Framing is central to the communication profession in areas such as employee communication, media relations, marketing communication, issue management, crisis communication, public health communication, and political communication. Intentionally or unintentionally, when you frame your key messages, they are more effective.
It is difficult to generalize about using frames because they can exist in so many forms for so many purposes.
Communication expert, Professor Matthew Nisbet of Northeastern University, states:
There is no such thing as unframed information, and most successful communicators are adept at framing…Accounting for framing should be a part of your overall content strategy.
Frames provide people a quick and easy way to process information. People use mental filters to make sense of incoming messages. This gives the sender and framer of the information enormous power to focus attention and influence how the receivers will interpret the message.
Frames provide meaning through selective simplification, by filtering people’s perceptions and providing them with a field of vision for a problem. Frames help us to interpret the world around us and represent that world to others. They help us organize complex topics and issues into coherent, understandable concepts. It is a form of agenda-setting.
Framing can be found in the viewing of things over different time periods or in relation to a specific past event, or in many other ways. Even if you are not aware of the concept of framing, you actually frame all the time. Even if both outcomes are the same, people tend to make different choices based on how a situation is framed.
Here are examples based on real-life messaging, which show some ways you can frame your key messages differently. Each frame below can form the basis for a whole communication piece consisting of one or more components based on that frame:
Framing in the South African Parliament, 22 April 2018
Honourable Madisha: Half of people in this parliament are stupid!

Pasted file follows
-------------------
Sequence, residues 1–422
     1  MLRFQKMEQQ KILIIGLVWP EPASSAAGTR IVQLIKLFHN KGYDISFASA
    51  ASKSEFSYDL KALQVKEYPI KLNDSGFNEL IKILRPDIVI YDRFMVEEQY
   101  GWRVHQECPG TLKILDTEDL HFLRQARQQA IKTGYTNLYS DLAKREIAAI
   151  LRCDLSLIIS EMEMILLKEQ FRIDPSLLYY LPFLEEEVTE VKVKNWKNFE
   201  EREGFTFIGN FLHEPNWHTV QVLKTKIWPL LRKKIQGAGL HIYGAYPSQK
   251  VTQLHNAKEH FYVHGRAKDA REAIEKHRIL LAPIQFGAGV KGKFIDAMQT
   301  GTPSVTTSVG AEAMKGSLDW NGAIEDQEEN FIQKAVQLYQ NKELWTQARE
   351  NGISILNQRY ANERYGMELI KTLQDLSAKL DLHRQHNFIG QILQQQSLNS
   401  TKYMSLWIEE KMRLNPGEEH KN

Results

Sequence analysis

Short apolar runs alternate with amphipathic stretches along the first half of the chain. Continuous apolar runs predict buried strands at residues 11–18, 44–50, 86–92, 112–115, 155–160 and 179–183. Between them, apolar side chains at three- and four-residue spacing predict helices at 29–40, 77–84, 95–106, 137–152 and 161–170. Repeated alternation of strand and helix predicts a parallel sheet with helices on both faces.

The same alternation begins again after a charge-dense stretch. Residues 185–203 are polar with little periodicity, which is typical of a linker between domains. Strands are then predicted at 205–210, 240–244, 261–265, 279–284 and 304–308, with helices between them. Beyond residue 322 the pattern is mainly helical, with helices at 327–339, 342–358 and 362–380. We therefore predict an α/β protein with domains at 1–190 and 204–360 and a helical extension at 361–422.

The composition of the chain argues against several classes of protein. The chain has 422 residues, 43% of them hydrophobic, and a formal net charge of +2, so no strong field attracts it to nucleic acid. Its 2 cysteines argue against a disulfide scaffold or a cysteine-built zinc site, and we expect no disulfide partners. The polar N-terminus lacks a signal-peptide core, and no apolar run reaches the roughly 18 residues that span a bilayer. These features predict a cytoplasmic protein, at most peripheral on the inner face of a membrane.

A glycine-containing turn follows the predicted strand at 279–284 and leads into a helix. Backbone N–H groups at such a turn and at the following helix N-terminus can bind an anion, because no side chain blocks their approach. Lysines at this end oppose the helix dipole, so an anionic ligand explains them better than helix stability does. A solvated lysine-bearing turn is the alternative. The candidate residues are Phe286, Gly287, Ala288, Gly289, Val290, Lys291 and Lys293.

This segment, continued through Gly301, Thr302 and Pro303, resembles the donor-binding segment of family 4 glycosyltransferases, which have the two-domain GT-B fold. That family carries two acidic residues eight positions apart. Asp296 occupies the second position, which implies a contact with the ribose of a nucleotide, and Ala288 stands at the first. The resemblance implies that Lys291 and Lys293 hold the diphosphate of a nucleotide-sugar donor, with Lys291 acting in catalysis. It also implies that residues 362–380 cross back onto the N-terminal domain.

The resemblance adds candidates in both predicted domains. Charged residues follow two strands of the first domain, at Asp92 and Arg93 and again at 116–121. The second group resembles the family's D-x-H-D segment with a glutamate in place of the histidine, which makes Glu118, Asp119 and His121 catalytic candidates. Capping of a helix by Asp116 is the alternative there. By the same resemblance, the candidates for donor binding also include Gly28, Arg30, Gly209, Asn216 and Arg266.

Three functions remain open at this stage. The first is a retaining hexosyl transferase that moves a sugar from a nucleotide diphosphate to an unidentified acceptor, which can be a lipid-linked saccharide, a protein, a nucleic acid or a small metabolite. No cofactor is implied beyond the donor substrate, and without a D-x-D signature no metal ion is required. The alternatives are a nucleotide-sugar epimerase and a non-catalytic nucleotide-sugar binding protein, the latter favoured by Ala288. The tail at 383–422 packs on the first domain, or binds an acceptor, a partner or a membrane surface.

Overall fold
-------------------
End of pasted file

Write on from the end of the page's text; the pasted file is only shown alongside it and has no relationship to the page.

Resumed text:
Speaker: Hon. Madisha, please withdraw that statement.
Hon. Madisha: I withdraw that statement. Half of the people in this parliament are not stupid!
Speaker: Thank you. Let’s proceed.
The following seven types of frames most suitable for PR use were identified by Kirk Hallahan in his paper, “Seven models of framing: implications for public relations,” Journal of Public Relations Research, Vol. 11: 3, pp, 205-242, 1999 (Online publication date: 19 November 2009). You can find a copy here. I have rewritten the content of Hallahan’s table from page 210, and have added the examples of PR messaging implications in the table below:
Many frames are based on the following:
Frame your key messages. Then take account of these message factors within each frame you have selected:
Metaphors are contained in most of the concepts of everyday life and should be used in framing for communication activities. You can think of your words in terms of metaphors to add strength to the frame. For instance, legendary US journalist, political commentator and former White House Press Secretary Bill Moyers (right) said in his email newsletter of 12 July 2020 that:
Joseph Campbell once told me: “If you want to change the world, change the metaphors.” That is, help people understand what’s new and strange by describing it as comparable to what they already know. Examples are:
“A mighty fortress is our God.” “The city is a jungle.” “Chaos is a friend of mine.” “Art washes away from the soul the dust of everyday life.” “Bury my heart at Wounded Knee.”
These comments are a wonderful reminder of the power of metaphors, and how easy they are to use in your messaging frames.
Framing is used in both internal and external communication. Organizational development consultant Leandro Herrero says, “I put framing at the top of the list of ‘leadership tasks’,” and he gives an example of a pharmaceutical firm. How do you decide on the key messages about organizational purpose from all the ones available, such as:
All of these frames could be relevant and compatible. But they are all different, and each one could take the organization to different places strategically. They describe the purpose, priorities, and staffing differently. The key thing would be to work to closely support the stated mission or purpose of the organization.
What’s more, Herrero also classifies behavior as a framing activity within organizations: